KAHNEMAN: And the answer is really straightforward: they are lost forever. I mean, most of the moments of our life and I calculated, you know, the psychological present is said to be about three seconds long. That means that in a life there are about 600 million of them, in a month there about 600,000. Most of them don't leave a trace. Most of them are completely ignored by the remembering self. And yet, somehow you get the sense that they should count, that what happens during these moments of experience is our life. It's the finite resource that we're spending while we're on this Earth. And how to spend it would seem to be relevant. But that is not the story that the remembering self keeps for us.

RAZ: But how do we know what's real and what's not?

KAHNEMAN: I don't think you can tell. I mean all of it, you know, is probably to some extent reconstruction, except some reconstructions are better than others. But you are not going to know necessarily whether what you're reconstructing is the reality or is something else. During the Watergate affair, Dean...


JOHN DEAN: I will commence with a general description...

KAHNEMAN: Oh, I forget his first name.


DEAN: ...of the atmosphere that existed in the White House...

RAZ: John Dean.

KAHNEMAN: John Dean.


DEAN: Prior to June 1972...

KAHNEMAN: Now he had very detailed memories, of what happened and the conversations he had with the president.


DEAN: ...I shall, as requested...

KAHNEMAN: But he also fabricated a fair amount.


DEAN: ...which themselves evidence...

KAHNEMAN: And clearly, he was trying to be honest. The fabrication went on inside his memory, and he produced things that just didn't fit the historical record, and that he was quite convinced of.


DEAN: These of course are my conclusions, but I believe they are well-founded in fact.

KAHNEMAN: So I don't think that we can easily tell when we're reconstructing and when we're remembering.

RAZ: It just seems like memory could be responsible for so much conflict, right? I mean conflict between parents and children - or adversaries - people who just have different sense of what is true.

KAHNEMAN: Oh absolutely, because one thing that is very difficult is to have a very clear memory and to realize that it is absolutely untrue. Normally, some memories really have the appeal of a visual perception. You know, when I see things, I normally don't doubt them. Doubting what you see is a very odd experience. And doubting what you remember is a little less odd than doubting what you see. But it's also a pretty odd experience, because some memories come with a very compelling sense of truth about them and that happens to be the case even for memories that are not true.

RAZ: Did you ever keep a journal?

KAHNEMAN: Well, I did when I was a child during World War II. I kept a journal. It was lost.

RAZ: So do you know if your memories as a child are reliable?

KAHNEMAN: That would be hard to tell, because the few memories I have of my childhood I've all rehearsed many, many times. And so, you know, I had an episode that was very important in my life of - or at least in a story of my life as a young Jew. I was seven years old, and there was a curfew for Jews in Paris, where I lived at the time. And I stayed with a friend, past the curfew for Jews - it was a six o'clock, I think, curfew for Jews - and I missed the curfew and I had to get home. And I was wearing a sweater with the Star of David. I turned my sweater inside-out and I went home.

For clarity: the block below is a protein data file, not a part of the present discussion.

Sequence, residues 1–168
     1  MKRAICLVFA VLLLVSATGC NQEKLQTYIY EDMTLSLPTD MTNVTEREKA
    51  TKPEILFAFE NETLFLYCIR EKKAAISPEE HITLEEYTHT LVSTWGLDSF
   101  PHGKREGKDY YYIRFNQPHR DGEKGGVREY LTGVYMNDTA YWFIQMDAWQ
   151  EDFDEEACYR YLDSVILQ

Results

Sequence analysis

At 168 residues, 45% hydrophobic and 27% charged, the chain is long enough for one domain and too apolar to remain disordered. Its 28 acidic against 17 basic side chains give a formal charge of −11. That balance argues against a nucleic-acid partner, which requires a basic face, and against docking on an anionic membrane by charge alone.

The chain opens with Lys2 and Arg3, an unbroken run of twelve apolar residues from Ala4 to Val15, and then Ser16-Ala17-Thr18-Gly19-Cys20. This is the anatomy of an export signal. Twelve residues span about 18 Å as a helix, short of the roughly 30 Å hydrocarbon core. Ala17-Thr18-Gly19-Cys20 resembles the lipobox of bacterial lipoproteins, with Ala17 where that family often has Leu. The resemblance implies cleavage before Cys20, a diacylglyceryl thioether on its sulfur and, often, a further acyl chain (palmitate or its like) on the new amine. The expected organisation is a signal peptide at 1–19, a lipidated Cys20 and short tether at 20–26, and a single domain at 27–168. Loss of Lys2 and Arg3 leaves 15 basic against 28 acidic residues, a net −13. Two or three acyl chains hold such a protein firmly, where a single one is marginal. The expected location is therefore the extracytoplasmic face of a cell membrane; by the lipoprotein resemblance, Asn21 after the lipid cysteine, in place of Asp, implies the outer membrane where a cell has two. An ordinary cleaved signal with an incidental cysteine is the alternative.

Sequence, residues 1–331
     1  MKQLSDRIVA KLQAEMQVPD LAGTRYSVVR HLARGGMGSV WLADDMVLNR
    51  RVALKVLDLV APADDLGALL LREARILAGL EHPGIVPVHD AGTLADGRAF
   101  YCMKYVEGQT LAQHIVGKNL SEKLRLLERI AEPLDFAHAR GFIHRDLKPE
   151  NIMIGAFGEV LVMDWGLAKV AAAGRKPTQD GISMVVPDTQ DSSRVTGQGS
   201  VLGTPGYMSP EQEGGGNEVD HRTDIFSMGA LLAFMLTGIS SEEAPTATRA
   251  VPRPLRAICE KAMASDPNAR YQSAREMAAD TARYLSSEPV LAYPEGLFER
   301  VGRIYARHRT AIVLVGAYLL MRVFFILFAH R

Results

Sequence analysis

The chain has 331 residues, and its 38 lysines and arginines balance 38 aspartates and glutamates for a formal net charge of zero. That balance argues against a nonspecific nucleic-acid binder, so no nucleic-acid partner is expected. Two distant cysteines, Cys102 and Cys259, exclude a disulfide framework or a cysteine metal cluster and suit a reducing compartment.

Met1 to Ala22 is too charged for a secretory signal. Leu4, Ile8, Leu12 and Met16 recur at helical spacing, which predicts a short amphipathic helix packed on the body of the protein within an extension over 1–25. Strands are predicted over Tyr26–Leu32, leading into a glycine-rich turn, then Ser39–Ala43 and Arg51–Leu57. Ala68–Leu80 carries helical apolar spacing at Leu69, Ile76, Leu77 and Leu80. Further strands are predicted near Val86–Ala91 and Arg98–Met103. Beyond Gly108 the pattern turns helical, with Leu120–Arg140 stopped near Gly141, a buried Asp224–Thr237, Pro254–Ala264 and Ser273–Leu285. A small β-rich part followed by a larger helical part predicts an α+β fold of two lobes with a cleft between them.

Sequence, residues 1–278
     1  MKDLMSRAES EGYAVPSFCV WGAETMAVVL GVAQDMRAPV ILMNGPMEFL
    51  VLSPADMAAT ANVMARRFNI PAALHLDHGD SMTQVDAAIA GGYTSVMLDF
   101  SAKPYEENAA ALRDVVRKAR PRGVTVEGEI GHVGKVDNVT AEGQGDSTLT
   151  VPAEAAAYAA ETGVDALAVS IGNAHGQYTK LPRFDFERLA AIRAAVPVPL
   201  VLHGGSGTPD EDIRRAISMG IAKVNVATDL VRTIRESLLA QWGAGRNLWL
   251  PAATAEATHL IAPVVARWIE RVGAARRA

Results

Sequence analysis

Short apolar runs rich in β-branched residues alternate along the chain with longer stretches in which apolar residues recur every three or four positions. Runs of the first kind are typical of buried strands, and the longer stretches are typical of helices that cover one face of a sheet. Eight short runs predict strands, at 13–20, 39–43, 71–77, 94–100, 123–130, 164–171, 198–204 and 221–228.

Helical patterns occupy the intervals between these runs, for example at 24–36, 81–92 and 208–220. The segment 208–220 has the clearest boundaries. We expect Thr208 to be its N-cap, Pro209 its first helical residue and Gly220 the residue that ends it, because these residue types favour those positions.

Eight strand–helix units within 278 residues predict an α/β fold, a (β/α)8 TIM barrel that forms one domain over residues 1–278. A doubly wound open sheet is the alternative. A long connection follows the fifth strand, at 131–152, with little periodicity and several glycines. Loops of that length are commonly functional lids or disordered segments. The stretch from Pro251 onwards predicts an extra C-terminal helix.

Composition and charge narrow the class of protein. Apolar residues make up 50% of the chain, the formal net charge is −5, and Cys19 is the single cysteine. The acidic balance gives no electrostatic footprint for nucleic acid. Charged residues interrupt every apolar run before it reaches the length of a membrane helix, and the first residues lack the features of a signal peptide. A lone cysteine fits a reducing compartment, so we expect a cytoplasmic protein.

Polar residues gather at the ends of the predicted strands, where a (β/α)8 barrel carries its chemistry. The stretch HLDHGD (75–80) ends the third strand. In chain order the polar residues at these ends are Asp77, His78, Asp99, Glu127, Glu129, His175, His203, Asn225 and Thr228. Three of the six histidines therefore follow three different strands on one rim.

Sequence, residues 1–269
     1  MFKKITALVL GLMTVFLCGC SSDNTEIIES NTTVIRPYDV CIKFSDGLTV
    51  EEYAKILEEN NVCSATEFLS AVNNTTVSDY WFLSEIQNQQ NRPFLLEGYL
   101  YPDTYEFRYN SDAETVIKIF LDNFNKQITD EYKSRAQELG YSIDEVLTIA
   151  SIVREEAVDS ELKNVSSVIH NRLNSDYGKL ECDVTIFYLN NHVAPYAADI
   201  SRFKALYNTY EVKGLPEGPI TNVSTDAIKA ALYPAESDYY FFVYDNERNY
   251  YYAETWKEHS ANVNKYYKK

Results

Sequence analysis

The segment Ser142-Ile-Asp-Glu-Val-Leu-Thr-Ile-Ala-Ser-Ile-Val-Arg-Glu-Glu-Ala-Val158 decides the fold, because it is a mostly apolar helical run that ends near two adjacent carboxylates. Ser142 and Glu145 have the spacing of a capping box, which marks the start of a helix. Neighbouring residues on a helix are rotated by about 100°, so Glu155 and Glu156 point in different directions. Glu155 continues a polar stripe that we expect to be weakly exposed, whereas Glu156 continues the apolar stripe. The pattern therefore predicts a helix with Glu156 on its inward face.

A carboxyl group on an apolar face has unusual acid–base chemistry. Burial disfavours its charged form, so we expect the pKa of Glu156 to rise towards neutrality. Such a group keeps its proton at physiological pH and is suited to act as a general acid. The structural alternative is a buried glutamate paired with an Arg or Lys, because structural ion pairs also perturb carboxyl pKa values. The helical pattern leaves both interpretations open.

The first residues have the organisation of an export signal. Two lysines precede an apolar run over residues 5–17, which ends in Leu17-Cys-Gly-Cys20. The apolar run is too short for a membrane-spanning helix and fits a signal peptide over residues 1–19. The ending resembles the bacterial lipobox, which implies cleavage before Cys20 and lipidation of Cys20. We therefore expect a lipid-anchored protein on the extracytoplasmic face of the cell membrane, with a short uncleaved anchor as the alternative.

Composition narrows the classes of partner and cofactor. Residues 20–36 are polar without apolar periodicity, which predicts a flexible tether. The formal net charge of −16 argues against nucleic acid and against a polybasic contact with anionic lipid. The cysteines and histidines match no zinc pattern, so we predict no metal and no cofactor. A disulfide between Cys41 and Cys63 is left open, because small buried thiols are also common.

And I met a German soldier. He was dressed in a black uniform, which is the uniform of the absolutely the worst of the worst, those were the SS, you know, they were truly dedicated Nazis. And we were alone in the street in my memory, and he beckoned me, he called me, you know, to come over to him and I did. And I was really quite frightened. And he picked me up, and I remember that I was terrified that he would look inside my sweater and see the Star of David. He didn't. He hugged me. He put me down. He opened his wallet, showed me a picture of a little boy, and gave me some money. So that's one of my more dramatic memories, of a Jew being hugged by an SS. It was quite a remarkable thing.

Now, I think I know where I was, and actually recently I told myself that it would be interesting to go back to that area of Paris. I mean, I think I know the street. I think I know exactly where I was, but I would like to verify whether my memory of what this whole area looks like is actually accurate. That wouldn't tell me whether the whole thing is absolutely as I remember it, because it's a story I've told many times. And even though I have a visual image of that German soldier, you probably have a visual image, too, as I told the story. So I don't even know whether the visual image is the real image as I experienced it or an image that I have recreated because I remember that story.

RAZ: I mean, that's a complicated memory, right? I mean, that's a really complicated story. I don't know, I mean, are you grateful for having that memory?

KAHNEMAN: I am very grateful for having that memory. I mean, but I have infused it with meaning over the years because for me what is very striking about the memory is something that I've carried with me all my life as a psychologist, which is how complicated people are. So that nobody is wholly evil and nobody is wholly good, and he was that, you know, Nazi soldier who for all I know, you know, had murdered people or was certainly willing to murder people. But he had a son whom he loved and he got, you know, touched by watching a boy. People are very complex. And for a psychologist, you get fascinated by the complexity of human beings and that is what I have lived with, you know, in my career all of my life is the complexity of human beings. So that memory is quite important to me.

RAZ: Daniel Kahneman. He shared the 2002 Nobel Prize in economics with Amos Taverski. His full talk is at TED.npr.org. On the show today, memory games. It's the TED Radio Hour from NPR. I'm Guy Raz. Back in a minute.